"The ministry of defence said there would be ‘very significant implications’ for the UK’s warhead plans if the US did not fund the W93."

In the event, the budget passed by Congress fully funded the W93 at the level requested by the Trump administration.

The Biden administration is expected to publish a nuclear posture review which will give a clearer picture of the programme’s fate. It’s more likely the focus for any US policy change will be land-based missiles capable of reaching Russia (ICBMs).

So the W93, and by extension the UK’s warhead plans, appear to be safe for the time being, but what have we learned?

Firstly, and unsurprisingly for anybody paying attention, the UK cannot develop nuclear weapons alone and is entirely reliant on its links with the US programme.

The UK may need certain technical parameters to be decided before it can proceed with its designs – or there may be experimental testing work that can only be carried out in the US.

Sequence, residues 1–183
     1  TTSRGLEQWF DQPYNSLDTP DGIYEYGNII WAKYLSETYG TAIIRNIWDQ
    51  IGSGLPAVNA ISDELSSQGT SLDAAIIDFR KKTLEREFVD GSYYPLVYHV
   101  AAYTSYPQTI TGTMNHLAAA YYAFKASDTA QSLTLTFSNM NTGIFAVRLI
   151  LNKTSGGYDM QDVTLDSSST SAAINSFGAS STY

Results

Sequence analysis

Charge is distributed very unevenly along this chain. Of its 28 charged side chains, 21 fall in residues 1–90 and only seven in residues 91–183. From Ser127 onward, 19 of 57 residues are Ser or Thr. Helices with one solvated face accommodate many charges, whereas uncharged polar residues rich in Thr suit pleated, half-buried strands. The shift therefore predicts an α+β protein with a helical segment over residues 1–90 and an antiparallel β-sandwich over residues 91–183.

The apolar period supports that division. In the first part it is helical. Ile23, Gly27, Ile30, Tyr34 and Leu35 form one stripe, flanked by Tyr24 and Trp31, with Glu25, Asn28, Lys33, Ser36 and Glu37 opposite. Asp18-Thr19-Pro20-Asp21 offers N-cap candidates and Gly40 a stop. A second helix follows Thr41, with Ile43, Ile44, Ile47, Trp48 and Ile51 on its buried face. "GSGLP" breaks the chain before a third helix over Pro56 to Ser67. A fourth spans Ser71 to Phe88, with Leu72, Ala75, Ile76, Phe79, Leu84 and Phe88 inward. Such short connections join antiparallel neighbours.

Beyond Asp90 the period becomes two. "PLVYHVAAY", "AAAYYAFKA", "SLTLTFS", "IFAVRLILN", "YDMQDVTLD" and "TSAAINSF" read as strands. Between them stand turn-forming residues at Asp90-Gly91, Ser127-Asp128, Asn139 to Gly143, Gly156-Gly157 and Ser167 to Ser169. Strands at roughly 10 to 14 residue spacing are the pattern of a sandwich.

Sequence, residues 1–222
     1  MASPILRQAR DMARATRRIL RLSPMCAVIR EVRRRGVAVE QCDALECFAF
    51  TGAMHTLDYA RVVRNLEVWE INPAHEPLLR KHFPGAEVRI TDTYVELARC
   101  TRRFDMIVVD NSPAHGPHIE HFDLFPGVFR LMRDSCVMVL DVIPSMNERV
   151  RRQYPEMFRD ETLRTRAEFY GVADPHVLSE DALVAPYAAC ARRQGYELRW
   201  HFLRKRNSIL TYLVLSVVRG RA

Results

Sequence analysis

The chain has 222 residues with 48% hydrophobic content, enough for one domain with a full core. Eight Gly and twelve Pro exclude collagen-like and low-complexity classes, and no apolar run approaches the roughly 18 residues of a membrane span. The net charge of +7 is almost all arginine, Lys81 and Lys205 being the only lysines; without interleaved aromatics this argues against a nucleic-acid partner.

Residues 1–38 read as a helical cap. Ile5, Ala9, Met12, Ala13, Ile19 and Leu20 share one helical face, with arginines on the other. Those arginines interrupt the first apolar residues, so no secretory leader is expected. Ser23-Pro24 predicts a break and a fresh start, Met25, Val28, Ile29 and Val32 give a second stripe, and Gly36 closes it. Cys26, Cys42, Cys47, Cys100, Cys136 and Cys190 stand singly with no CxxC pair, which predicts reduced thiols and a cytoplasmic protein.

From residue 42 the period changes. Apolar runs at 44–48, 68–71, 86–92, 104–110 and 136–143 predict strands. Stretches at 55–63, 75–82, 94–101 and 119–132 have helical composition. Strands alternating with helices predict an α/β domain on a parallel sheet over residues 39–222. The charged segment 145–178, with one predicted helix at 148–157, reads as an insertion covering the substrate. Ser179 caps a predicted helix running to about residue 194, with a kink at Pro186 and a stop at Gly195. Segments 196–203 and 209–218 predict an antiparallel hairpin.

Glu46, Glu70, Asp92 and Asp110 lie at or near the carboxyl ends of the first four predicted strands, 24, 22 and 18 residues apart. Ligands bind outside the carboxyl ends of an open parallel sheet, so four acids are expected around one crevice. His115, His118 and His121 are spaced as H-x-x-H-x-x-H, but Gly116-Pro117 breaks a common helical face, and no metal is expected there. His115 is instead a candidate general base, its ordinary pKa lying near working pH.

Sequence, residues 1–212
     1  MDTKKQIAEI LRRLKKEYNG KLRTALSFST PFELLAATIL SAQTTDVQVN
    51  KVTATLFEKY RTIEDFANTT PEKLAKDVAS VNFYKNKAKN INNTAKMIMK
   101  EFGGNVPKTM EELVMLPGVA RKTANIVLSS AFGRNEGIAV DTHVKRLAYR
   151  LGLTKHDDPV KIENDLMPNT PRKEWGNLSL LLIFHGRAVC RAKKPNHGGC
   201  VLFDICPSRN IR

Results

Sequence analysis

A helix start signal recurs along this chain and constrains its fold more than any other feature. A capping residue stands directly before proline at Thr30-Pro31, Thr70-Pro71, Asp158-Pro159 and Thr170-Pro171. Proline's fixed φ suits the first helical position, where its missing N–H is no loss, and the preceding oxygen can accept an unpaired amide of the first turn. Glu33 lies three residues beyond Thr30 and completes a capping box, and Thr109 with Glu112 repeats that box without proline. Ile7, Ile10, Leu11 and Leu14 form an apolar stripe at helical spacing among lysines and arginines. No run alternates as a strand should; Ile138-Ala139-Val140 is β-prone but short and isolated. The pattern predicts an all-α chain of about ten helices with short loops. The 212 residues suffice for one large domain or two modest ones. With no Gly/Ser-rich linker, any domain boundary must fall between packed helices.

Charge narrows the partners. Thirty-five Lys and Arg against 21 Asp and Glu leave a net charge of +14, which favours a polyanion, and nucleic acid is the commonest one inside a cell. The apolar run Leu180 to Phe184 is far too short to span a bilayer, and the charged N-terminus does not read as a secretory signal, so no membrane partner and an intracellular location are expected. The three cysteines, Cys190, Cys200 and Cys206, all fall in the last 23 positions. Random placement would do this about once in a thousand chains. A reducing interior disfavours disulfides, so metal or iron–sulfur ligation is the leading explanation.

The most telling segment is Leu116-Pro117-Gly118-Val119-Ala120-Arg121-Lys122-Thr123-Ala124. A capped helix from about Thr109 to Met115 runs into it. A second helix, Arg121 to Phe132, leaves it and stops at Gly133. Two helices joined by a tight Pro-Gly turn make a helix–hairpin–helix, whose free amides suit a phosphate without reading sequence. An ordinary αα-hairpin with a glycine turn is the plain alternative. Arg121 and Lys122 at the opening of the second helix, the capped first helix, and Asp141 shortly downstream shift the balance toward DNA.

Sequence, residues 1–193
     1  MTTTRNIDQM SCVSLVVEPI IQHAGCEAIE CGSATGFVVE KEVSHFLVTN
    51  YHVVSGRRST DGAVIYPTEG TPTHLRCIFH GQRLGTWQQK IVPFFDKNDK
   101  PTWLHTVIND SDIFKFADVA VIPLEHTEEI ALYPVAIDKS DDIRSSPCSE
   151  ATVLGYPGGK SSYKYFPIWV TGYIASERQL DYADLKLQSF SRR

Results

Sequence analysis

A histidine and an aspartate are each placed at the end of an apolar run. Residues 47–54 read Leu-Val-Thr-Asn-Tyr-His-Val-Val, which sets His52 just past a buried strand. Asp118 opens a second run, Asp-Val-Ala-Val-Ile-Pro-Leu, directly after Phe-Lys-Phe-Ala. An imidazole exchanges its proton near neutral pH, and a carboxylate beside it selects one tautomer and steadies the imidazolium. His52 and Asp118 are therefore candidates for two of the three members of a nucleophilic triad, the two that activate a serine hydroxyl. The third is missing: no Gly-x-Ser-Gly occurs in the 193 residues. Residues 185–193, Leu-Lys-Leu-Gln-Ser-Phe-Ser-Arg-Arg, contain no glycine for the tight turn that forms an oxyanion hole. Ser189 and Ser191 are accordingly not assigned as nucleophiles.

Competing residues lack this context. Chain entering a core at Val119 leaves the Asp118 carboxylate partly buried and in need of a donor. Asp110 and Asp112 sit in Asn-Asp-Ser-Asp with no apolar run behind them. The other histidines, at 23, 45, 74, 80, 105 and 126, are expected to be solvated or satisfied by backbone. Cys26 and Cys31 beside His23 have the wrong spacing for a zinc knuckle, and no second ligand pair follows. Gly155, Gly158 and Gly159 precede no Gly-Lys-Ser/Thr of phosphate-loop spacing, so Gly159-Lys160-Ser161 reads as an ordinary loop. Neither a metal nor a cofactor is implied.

Either way, it is clear that key elements of the design will be determined by the US with the UK following its lead.

Secondly, the US W93 doesn’t yet have a settled size, range or ‘mission’. It might partially replace some of the two current US Trident warheads, but is intended to exist alongside them.

If the explosive power of the W93 is yet to be determined, the same will be true of the new UK warhead. While the UK government may be aiming for a like-for-like replacement of the current warhead, design work will not have got that level of detail yet.

What is known is that the W93 is intended to be lighter than its predecessors, allowing it to strike targets at a greater distance using the same Trident missile.

Given the need for compatibility, it is very likely that an increased range will be one of the consequences of the UK warhead upgrade.

What isn’t known is the reason for the apparent urgency from the UK.

The Mark 4A upgrade was in progress as of December, and is expected to keep the current warhead in service for another 30 years.

The government had previously said that producing a new warhead would take about 17 years.

The moving forward of the W93 project suggests that either something changed, or some interdependency between UK and US plans came to light that hadn’t been previously appreciated.

However much the government would like to present their warhead plans as settled and beyond debate, there are clearly a lot of open questions and potential openings for public pressure. Nuclear Information Service will be looking into these issues in our next large report.

David Cullen is the director of Nuclear Information Service: www.nuclearinfo.org

Topics: Nuclear Weapons